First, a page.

Meet Your Second Amendment: D.C. v. Heller Decided (Updated)

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15 Responses

  1. MannyJ says:

    Get used to police breaking down even more doors with even more unnecessary force and even less warning. They’ll argue, and most judges will accept, that if people have a right, the police have to assume they’ll exercise it, and it’s not fair to require the police to put themselves in more danger than they have to, so we should now treat EVERYONE under suspicion the way we already treat crack-house residents.

    Admittedly, they were 90% there already.

  2. RAH says:


    You mention the open language on arms for knives, pepper spray and tasers. Since they said arms is mutable then that can apply to any future weapons used by a single person. This can be used to challenge numerous states laws that restrict the carry of knives and civilian possesion of tasers. Plus any defensive armor is allowed. Many states like Maryland tried to prohibit people the use of body armor.

    Unusual and dangerous is not necessary full auto weapons it could be interpreted to grenade launchers and that type of unusual civilian arms. Machine guns are common and used in this country by police and those who pay the tax and get the permits.

  3. Alan says:

    IANAL, but I don’t see the door shut on overturning the post-86 MG ban in the Heller opinion. We’re may be stuck with registration of some kind, but the 86 ban makes no sense in light of Heller, especially when pre-86 NFA weapons ARE legal for civilians to own.

    If a machine gun was made and registered before the 86 ban, it is legal for me to own, but if it was made after the ban it’s illegal. Not to mention the $200 NFA tax, the sole purpose of which was to price machine guns out of the market for regular people in 1934.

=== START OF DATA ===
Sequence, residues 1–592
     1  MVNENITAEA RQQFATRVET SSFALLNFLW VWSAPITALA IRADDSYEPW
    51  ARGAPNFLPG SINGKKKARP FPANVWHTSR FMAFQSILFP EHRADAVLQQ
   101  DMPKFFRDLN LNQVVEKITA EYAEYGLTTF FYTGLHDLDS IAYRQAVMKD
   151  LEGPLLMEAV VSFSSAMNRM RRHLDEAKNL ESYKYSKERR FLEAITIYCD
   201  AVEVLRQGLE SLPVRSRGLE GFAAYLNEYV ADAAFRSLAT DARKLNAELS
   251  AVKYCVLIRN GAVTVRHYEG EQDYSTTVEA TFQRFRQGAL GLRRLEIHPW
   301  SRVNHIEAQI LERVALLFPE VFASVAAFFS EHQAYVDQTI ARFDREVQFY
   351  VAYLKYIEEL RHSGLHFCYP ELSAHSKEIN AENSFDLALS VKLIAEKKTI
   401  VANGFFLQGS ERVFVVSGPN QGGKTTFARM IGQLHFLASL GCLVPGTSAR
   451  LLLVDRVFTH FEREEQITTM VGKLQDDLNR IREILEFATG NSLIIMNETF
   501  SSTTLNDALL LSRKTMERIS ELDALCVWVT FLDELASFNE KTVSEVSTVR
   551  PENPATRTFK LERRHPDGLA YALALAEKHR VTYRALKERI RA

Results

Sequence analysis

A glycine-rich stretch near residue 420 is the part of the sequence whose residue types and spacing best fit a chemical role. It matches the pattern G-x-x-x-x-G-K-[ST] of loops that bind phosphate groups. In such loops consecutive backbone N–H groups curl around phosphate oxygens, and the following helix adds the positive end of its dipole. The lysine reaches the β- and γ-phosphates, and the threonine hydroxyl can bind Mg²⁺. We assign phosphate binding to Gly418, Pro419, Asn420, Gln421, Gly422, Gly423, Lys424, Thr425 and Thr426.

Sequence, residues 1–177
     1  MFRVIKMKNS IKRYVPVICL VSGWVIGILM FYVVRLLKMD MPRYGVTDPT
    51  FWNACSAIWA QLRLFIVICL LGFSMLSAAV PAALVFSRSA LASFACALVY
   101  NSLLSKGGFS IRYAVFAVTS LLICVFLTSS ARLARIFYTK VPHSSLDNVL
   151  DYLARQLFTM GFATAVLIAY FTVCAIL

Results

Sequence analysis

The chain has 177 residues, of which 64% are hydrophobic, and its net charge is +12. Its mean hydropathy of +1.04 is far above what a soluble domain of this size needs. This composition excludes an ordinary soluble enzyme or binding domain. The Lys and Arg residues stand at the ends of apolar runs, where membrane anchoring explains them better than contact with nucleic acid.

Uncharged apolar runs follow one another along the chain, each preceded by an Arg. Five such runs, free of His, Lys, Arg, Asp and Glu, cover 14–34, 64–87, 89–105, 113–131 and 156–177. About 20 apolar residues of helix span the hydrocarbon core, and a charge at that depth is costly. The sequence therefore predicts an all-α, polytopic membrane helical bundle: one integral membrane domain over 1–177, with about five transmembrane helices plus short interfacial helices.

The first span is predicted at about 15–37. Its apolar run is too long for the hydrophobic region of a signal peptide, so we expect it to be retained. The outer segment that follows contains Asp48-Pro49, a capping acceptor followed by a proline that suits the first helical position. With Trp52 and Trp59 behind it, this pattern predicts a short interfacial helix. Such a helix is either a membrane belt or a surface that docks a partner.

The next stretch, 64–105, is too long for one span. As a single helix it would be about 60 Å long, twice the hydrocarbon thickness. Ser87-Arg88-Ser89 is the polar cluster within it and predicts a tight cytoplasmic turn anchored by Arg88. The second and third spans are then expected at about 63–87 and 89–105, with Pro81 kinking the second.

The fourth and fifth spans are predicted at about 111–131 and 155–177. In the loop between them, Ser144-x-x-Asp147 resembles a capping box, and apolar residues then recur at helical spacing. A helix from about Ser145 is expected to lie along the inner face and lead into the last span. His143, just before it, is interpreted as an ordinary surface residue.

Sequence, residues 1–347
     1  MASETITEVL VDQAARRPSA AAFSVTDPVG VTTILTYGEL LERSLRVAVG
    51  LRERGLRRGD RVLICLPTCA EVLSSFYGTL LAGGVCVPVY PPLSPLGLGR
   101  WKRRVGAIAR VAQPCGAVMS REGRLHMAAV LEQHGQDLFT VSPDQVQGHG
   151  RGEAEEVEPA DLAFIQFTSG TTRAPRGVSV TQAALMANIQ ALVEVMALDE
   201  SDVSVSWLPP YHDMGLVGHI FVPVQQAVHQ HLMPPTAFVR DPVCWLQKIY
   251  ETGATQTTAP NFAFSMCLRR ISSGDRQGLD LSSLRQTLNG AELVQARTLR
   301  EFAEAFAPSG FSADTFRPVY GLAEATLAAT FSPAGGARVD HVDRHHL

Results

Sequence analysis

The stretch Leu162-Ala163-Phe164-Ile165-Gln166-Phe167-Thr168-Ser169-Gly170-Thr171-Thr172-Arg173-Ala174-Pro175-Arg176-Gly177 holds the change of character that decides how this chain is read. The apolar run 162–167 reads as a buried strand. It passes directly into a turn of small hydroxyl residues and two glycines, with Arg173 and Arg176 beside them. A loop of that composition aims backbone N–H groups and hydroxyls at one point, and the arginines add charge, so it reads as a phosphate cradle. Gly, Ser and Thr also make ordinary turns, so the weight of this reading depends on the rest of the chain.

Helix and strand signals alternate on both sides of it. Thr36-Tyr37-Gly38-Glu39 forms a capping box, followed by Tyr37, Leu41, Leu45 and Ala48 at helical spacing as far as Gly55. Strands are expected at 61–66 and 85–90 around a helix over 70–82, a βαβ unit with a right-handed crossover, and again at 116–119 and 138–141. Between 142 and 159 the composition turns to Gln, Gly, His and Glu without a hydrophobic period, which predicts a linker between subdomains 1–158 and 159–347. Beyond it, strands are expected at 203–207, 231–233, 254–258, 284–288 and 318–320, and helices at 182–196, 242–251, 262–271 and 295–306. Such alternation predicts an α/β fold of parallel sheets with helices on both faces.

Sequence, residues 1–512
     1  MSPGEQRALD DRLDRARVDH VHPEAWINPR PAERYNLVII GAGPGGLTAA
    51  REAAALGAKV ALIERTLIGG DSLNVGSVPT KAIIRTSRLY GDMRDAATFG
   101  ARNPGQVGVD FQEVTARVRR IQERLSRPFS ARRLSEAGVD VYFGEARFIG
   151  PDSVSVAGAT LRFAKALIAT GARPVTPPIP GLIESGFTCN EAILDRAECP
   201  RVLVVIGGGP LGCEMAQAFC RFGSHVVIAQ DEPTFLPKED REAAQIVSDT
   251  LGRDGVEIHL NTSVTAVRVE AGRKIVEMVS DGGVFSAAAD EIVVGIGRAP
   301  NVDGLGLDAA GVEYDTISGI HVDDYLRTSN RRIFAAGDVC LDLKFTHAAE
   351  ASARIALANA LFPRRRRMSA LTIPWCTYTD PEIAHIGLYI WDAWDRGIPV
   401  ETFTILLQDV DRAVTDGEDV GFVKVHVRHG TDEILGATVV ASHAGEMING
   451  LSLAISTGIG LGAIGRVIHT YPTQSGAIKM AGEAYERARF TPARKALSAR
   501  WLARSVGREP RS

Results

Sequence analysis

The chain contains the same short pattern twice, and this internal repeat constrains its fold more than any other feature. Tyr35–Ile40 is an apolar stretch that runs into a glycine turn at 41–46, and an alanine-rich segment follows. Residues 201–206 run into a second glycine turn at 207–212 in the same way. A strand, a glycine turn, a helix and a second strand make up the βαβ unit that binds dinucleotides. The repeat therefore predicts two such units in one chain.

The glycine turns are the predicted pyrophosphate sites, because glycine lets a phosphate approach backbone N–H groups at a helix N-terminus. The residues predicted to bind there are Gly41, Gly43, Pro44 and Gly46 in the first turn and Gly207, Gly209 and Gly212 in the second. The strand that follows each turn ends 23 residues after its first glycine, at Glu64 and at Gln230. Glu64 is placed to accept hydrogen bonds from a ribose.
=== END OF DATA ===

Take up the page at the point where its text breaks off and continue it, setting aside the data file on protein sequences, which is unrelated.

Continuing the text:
Talk about arbitrary and capricious!

  4. Jack Burton says:

    Many states that allow CCW still think they have the power to ban the legal carrying of guns within a church. Maybe we can now see the dismissal of that claim to power. Here’s a layman’s thoughts about it.

  5. MarkJ says:

    Just an idle question: in what ways, if any, might today’s decision affect Canadians?

    I can’t help but think that many Canadians are now saying to themselves, “If Americans now have a clearly established individual right to own and bear arms, why can’t we as well?”

  6. rosignol says:

    I doubt this will have much impact north of the border, although I expect more than a few Canadians are looking at our 1st Amendment and wishing they had one of their own.

  7. JVDeLong says:

    I think you are too optimistic in saying: “The imposition by the U.S. government of a U.K.-style system of sweeping gun bans and prohibitions on armed self-defense is now off the table.”

    Stare decisis is a conservative virtue — given an Obama-named Supreme Court, all conservative decisions, especially the close ones, are subject to revisiting.

  8. JVDeLong says:

    I think you are too optimistic in saying: “The imposition by the U.S. government of a U.K.-style system of sweeping gun bans and prohibitions on armed self-defense is now off the table.”

    Stare decisis is a conservative virtue — given an Obama-named Supreme Court, all conservative decisions, especially the close ones, are subject to revisiting.

  9. Brett Bellmore says:

    Yes, stare decisis only works one way, an Obama court would overturn Heller in an instant.

    It’s quite fortunate that the two most elderly Justices were both in the minority; Running the actuarial calculations, Obama will likely get to replace one, quite possibly two, of the minority Justices, but probably will not get a crack at the majority seats.

    Though accidents do happen. As do court packing schemes, which there is already talk of.

    Man, if the Democrats get Heller overturned by packing the court, I’m moving overseas; I have a kid on the way, and don’t want to raise him in the middle of a civil war!

  10. Bart DePalma says:

    The Court noted when describing Cruikshank on page 47 that the decision only held that the Bill of Rights including the Second Amendment “by its own force” did not apply to the States and later in footnote 23 further noted that Cruikshank “did not engage in the sort of 14th Amendment required by our later cases.” In fact, Cruikshank and Presser did not address 14th Amendment incorporation at all as noted in Miller.

  11. Dr Ruger says: